It doesn’t work at first. She panics on the bridge, needs to rest before they get to the cabin. While she takes a nap, he looks around and finds a deer. The problem though is the deer has a stillborn baby still hanging out from inside her. It runs away.
They finally make it there. We learn more and more about this couple during their stay. He begins to lose it a little bit. The first thing that happens is acorns fall from the tree above the cabin. It sounds like hail and it keeps him awake. The next morning, he wakes up with his window open and his hand is covered what I believe are ticks. He freaks out trying to pull them off.
He continues to question her to learn more about what scares her. It turns out that she fears nature. She is more scared of nature of humans. She thinks that she has overcome her issues, but we see that the isolation might have gotten to her the last time she was here and that it might be happening again.
That is where I’ll leave my recap and I want to say that the more I watch this, the more I think I understand. This one has a quite interesting story behind it. The grief of losing their child is hurting them in different ways. It also is driving a wedge between them as well. She is taking it hard. She blames herself and resents he because she doesn’t think he cares. She thought this in the summer before he passed away that he neglected them. I do believe that it is bothering him, but he is just showing his grief in different ways. She also blames herself.
There is also the aspect that he is arrogant. Despite knowing he shouldn’t be treating his wife, he does it any way. There is hubris here. I think the idea of the treatment he is trying is good. Instead of dulling the pain with drugs or by doing things to mask the pain, he wants her to face what she is dealing with. The issue though becomes that going to Eden is not the best course of action for her. I also should say that I do think medication is good to an extent. It shouldn’t used a crutch though to ignore what they’re going through.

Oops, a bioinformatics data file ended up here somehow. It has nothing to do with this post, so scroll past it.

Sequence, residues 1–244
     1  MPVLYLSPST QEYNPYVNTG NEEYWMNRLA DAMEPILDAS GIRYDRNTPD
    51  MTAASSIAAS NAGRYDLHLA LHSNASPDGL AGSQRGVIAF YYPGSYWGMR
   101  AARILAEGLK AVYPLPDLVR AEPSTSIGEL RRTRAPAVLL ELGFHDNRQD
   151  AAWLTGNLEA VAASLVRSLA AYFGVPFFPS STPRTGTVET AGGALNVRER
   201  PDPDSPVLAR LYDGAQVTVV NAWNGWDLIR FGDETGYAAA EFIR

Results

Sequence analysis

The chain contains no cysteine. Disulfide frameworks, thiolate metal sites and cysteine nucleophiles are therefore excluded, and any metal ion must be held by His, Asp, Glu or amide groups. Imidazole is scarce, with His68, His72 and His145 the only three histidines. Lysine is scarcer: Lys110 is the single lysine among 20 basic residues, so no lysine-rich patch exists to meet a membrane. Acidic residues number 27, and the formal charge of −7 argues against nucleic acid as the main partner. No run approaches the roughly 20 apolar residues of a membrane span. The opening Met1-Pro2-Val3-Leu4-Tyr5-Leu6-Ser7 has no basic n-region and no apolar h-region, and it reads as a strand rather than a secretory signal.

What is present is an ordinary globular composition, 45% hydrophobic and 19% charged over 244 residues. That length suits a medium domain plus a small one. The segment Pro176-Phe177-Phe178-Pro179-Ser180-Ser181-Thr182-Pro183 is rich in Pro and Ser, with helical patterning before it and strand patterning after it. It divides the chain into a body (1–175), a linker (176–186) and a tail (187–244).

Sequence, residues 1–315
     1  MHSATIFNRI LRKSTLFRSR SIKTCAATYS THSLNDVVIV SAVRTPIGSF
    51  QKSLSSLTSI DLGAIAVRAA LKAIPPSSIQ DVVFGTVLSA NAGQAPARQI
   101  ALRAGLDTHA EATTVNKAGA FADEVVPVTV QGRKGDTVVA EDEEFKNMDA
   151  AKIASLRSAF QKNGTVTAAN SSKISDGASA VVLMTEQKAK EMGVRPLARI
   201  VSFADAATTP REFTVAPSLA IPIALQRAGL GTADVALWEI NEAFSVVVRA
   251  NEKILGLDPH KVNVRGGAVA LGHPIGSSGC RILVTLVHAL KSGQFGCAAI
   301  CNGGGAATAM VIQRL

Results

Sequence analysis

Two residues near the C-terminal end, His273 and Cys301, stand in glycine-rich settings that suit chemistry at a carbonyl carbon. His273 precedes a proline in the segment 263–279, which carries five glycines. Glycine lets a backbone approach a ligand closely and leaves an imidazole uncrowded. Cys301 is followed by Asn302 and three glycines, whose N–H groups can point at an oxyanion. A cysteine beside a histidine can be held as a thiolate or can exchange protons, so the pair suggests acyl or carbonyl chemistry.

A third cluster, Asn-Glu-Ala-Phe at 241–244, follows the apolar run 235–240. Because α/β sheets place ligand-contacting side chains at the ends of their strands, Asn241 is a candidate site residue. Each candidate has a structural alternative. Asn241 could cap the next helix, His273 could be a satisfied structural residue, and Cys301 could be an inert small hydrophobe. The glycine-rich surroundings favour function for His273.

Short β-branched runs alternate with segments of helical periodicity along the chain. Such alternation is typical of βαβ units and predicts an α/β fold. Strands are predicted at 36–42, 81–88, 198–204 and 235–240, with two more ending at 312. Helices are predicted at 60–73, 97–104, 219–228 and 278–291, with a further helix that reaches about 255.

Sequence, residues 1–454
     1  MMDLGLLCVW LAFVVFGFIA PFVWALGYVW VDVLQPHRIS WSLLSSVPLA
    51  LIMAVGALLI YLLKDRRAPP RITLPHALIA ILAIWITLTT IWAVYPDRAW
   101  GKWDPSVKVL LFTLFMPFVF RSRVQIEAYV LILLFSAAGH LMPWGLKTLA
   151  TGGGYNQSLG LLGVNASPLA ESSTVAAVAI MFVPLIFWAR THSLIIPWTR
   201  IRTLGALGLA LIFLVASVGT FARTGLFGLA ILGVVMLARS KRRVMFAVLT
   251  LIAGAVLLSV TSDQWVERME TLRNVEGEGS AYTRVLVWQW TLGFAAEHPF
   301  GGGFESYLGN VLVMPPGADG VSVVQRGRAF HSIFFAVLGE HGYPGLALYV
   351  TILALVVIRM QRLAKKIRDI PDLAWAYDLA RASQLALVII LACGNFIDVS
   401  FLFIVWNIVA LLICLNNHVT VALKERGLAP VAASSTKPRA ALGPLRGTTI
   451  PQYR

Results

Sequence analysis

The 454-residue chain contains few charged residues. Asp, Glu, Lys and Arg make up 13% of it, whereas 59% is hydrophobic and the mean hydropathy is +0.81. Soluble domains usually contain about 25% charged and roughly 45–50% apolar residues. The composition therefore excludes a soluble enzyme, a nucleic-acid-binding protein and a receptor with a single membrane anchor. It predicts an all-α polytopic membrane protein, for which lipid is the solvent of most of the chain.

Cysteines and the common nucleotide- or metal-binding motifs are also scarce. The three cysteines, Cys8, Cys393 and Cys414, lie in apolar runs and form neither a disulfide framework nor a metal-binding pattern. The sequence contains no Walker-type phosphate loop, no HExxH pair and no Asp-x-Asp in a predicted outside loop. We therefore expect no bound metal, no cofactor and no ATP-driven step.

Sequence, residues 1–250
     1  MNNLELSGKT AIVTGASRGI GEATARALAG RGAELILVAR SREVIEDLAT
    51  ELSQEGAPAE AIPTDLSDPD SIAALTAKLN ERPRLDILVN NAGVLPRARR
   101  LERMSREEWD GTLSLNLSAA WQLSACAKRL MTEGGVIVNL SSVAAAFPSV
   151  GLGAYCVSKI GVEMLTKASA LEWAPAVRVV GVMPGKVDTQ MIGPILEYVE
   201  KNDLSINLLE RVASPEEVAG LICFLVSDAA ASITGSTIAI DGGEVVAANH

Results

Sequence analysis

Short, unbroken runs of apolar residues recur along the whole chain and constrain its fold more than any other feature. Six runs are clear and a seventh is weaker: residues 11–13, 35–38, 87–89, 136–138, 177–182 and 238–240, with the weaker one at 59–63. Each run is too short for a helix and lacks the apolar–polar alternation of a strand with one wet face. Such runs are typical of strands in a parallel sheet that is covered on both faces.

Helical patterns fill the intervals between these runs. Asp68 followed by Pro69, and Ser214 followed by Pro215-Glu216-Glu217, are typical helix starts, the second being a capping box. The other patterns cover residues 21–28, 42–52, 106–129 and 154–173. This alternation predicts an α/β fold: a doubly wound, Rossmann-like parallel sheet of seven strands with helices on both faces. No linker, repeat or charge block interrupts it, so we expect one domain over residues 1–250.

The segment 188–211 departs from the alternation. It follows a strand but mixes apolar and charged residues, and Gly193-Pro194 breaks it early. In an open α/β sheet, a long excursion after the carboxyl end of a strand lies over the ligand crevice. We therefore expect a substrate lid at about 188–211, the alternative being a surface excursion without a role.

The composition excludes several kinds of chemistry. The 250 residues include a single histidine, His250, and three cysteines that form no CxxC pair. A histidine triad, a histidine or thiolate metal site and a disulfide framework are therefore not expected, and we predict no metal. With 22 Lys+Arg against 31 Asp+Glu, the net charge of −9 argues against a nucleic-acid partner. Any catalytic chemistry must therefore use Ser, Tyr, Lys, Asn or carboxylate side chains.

This also has good allegories as well and symbolism. I noticed there are three figurines that bear the name of the chapters of Despair, Grief and Pain. Each of these chapters reflects the stage of depression that she is dealing with as well. There is also the thesis that she is working on that is reflected in things that happen to them. Calling the place that they go to Eden is ironic in that they are like Adam and Eve. There is also talking of the corruption of man with comes back to that story as well. There feels to be a bit of misogyny being explored as she spells genocide with a gy like you would with gynecology. I’m not sure the significance there, but she is painted as the villain.